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Oregon DUI Diversion Attorneys

DUI Diversion — An Option for First Time Offenders

DUI Diversion is a program created by the State of Oregon to decrease the court workload, and provide for immediate drug and alcohol treatment for those who qualify. The goal is to reduce repeat drunk driving offenses.

At Mark C. Cogan, P.C., we have criminal defense experience that will help you determine if diversion is a good option for you, and help you enroll in this program if you qualify. A DUI diversion may be the pathway to keep your record clean and result in a dismissal of DUI charges.

“Mark, Thank you for your letter and the report. I appreciate everything that you have done on my behalf. You have delivered on every promise and spared me numerous pointless appointments in the halls of the courthouse. Once again, Thank you.” — KS, Portland, OR

Facts About Oregon DUI Diversion

Diversion can be a good option for first time offenders, but not everyone is eligible for entry into the DUI diversion program. You are not eligible for DUI diversion if:

  • You have a DUI conviction within the last 15 years in any state.
  • You have already gone through a DUI diversion within the past 15 years in any state.
  • You injured someone in an accident as part of your DUI charge.
  • You currently hold a Commercial Driver’s License (CDL).

If you choose to enter a DUI diversion program, you must:

  • File the paperwork with the court within 30 days of your arraignment.
  • File a plea of guilty or “no contest”, which will take effect in the event that you fail to complete the program.
  • Pay certain fees to the court and be evaluated to determine the extent of your alcohol problem.
  • Complete alcohol treatment as required and attend a victim’s impact panel.

Other criminal charges (reckless driving, driving while suspended, traffic violations) are not necessarily dismissed as a result of participation in DUI diversion. However, an experienced DUI attorney can use a client’s successful completion of a diversion program as a negotiation tool in the client’s other criminal proceedings.

The Prosecution Has Begun Its Work — We Should Begin Ours

No matter the circumstances, anyone under investigation or facing criminal prosecution should retain the best possible attorney as early in the process as possible. If you have been charged with a DUI, please call our Portland law office at 503-549-1077 or send us an e-mail for a free initial consultation with our lawyer. We are conveniently located near Lake Oswego and Beaverton.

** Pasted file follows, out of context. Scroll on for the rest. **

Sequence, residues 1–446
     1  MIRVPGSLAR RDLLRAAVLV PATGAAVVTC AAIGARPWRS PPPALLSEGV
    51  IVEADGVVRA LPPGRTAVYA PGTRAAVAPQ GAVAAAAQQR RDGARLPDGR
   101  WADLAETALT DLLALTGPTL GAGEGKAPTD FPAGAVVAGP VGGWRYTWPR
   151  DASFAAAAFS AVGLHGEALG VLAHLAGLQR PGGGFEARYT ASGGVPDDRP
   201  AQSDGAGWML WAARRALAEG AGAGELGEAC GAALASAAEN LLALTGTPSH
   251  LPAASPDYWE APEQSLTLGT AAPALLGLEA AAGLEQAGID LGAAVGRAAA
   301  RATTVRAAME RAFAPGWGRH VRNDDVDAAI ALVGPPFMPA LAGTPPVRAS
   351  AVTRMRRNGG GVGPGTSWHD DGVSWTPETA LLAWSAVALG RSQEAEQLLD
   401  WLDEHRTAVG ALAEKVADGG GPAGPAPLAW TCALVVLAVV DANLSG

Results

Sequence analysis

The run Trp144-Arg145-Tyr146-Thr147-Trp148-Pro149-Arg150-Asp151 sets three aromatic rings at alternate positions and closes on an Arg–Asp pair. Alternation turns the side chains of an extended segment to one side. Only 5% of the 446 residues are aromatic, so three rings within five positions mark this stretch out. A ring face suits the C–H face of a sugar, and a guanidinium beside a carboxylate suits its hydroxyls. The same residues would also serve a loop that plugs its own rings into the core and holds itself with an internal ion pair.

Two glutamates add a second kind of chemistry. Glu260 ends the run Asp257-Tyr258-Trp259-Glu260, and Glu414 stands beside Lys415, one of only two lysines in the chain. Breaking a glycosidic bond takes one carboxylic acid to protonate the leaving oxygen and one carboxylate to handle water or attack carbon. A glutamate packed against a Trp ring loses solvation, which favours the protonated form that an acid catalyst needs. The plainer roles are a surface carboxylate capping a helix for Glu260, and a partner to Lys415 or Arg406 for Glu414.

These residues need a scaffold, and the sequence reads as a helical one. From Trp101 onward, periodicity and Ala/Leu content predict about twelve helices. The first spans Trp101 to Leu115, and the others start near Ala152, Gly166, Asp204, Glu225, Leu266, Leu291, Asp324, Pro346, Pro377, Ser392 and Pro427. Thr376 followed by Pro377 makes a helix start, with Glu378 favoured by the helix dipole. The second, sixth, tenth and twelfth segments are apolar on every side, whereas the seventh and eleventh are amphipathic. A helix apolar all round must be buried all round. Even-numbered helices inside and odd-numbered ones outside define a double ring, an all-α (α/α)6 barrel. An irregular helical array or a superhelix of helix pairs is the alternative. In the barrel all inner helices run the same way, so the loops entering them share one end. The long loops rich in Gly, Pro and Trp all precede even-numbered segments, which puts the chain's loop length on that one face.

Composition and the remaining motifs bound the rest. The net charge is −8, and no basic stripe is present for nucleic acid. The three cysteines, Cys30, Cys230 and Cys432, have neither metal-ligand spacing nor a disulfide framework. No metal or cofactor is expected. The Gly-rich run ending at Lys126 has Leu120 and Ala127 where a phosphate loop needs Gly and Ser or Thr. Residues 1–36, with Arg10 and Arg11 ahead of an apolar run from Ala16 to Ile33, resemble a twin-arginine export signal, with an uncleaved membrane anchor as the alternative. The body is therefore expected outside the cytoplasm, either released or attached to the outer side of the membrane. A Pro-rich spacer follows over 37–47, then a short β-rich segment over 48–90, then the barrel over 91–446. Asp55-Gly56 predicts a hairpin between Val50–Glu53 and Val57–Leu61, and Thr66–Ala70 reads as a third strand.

DUI Success Stories

Our Portland law office has had spectacular success defending client facing charges of Driving Under the Influence of Intoxicants (DUI).

Year in, year out, DUI defense is one of the most frequently handled type of matter that comes our way.

We are pleased to share the following case histories of DUI matters we have handled in recent years. Keep in mind that every case is different. Success in a past case is no guarantee of success in the future.

This being said, it is clear that there is a common thread to these cases. That common thread is that I am a resourceful defense attorney who uses all resources to fight hard for the rights of my clients.

I do whatever is possible to put forward a strong defense of any client whose freedom and reputation is placed in my care. I realize that my clients have a great deal of stake when they place their case in my hands. I pledge to do whatever is possible to put up an effective defense of my clients.

Client W was discovered in his truck, parked off the side of a roadway, sound asleep. He was several hundred miles from home, and appeared intoxicated to the police officer. He made incriminating statements, and failed the field sobriety tests. I challenged the client’s suspension pursuant to Oregon’s Implied Consent law, and was able to lay the groundwork for a successful defense at trial. Indeed, the work that I did at the client’s administrative hearing was instrumental in enabling me to persuade the District Attorney to dismiss the criminal charge without going to trial.

Client B was pulled over for traffic infractions, and was prosecuted for DUI. The work I did at the client’s Implied Consent suspension hearing enabled me to lay a foundation for a successful defense at trial. At trial, I established that the client’s unsteadiness on his feet and his slurred speech was due to a brain injury which the client sustained in a motor vehicle accident, and not intoxication. Our efforts were rewarded with a Not Guilty Verdict.

Client D was arrested because of unsafe driving in a park. When apprehended by the police, he failed field sobriety tests and refused a breath test. I was able to persuade the jury that there was reasonable doubt concerning the client’s condition at the time he was driving, because there was evidence that the client had been drinking beer between the time he ceased driving and was apprehended by the police. The jury found my client Not Guilty.